By Amyn B. Sajoo
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Extra resources for A Companion to Muslim Cultures
Once Upon a Country: A Palestinian Life. London, 2007 Partridge, Christopher, ‘Religion and Popular Culture’, in Linda Woodhead, et al, ed. Religions in the Modern World: Traditions and Transformations, 2nd ed. New York, 2001, pp. 489–521. , ed. Muslim Modernities: Expressions of the Civil Imagination. London, 2008. Saliba, George. Islamic Science and the Making of the European Renaissance. Cambridge, MA, 2007. Sen, Amartya. Identity and Violence: The Illusion of Destiny. New York and London, 2006.
How does this square with the secular idea of the state, in which diverse identities and cultures co-exist? Is the presence of public religion a barrier to political modernity? This chapter will discuss the nature of the relationship among the sharia, the state and the individual Muslim today, mindful of what history tells us about the lived experience of Islamic societies. We will see how the interface of sacred and secular drives the quest for a civic pluralism that can accommodate the legitimate aspirations of all citizens.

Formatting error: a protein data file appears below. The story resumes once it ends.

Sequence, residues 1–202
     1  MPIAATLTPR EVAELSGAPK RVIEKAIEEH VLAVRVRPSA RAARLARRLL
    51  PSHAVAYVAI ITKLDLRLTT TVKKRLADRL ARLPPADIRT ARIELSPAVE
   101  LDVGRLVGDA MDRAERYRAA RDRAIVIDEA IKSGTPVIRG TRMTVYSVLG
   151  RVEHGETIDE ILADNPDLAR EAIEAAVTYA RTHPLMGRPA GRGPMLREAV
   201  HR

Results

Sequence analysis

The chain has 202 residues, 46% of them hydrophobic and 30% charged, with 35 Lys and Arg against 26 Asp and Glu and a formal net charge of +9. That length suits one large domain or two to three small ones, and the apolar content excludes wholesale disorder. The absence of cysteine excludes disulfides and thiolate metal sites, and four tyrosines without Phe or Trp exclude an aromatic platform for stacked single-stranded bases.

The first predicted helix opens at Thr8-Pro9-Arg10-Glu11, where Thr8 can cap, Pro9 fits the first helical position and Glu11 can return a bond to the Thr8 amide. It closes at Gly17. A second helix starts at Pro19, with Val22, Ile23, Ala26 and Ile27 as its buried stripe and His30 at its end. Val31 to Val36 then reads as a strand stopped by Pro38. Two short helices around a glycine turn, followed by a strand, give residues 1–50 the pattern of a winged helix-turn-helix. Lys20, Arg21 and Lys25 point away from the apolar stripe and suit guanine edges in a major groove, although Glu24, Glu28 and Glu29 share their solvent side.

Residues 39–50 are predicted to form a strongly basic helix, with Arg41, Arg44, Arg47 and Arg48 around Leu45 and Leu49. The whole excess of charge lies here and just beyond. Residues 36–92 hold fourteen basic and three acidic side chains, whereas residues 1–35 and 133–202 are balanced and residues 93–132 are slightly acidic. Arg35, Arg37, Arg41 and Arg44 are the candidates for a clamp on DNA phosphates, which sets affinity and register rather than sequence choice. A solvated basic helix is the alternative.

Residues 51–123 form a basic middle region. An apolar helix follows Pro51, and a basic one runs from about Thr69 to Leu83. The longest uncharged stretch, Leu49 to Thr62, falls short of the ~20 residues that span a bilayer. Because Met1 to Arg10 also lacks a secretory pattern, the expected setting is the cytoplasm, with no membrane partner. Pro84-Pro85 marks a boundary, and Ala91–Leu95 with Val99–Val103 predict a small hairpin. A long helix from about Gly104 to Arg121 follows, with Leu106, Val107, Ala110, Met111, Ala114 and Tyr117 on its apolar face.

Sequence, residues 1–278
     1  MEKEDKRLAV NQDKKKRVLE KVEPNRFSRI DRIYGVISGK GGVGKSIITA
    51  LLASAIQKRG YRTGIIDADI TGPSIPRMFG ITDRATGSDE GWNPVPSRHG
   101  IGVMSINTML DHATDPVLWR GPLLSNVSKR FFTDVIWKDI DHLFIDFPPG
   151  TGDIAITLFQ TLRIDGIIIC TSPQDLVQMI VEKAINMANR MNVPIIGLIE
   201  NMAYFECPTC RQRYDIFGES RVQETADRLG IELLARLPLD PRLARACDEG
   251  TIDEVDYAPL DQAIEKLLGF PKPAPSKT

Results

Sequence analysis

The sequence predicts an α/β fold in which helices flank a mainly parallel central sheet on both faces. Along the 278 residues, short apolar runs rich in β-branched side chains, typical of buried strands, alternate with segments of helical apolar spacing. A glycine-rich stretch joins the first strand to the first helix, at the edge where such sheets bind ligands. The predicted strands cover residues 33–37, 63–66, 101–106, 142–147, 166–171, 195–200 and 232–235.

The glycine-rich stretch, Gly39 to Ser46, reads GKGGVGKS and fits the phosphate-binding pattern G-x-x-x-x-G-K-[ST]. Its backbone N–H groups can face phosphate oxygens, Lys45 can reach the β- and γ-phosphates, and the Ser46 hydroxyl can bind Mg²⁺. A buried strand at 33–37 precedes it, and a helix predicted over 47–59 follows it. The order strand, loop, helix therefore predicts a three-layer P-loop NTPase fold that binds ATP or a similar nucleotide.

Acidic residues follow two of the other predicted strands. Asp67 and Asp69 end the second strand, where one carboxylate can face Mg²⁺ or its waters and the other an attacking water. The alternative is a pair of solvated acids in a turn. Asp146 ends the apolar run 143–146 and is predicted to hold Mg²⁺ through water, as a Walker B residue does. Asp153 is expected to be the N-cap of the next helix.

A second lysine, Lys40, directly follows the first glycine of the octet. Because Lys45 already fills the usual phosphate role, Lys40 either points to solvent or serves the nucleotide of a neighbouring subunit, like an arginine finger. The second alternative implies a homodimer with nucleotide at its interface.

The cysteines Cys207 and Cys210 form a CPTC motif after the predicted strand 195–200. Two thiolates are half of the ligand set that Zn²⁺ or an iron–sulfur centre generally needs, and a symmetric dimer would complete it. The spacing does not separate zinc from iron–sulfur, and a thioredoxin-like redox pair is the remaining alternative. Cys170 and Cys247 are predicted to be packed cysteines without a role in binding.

In this pluralist environment, religious markers became a vital aspect of the way identity was formed. To designate a practice as ‘normative’ or proper was one way of marking religious identity in relation to other traditions. When Muslims were challenged in this regard, their practices were tested against principles drawn from the Quran or the Prophet’s practice (Sunna). If there was no authorised source to be found, then authorities deemed such practices non-Islamic. The upshot was that all practices within the Muslim religious environment had to be rooted either in the Quran or the Sunna.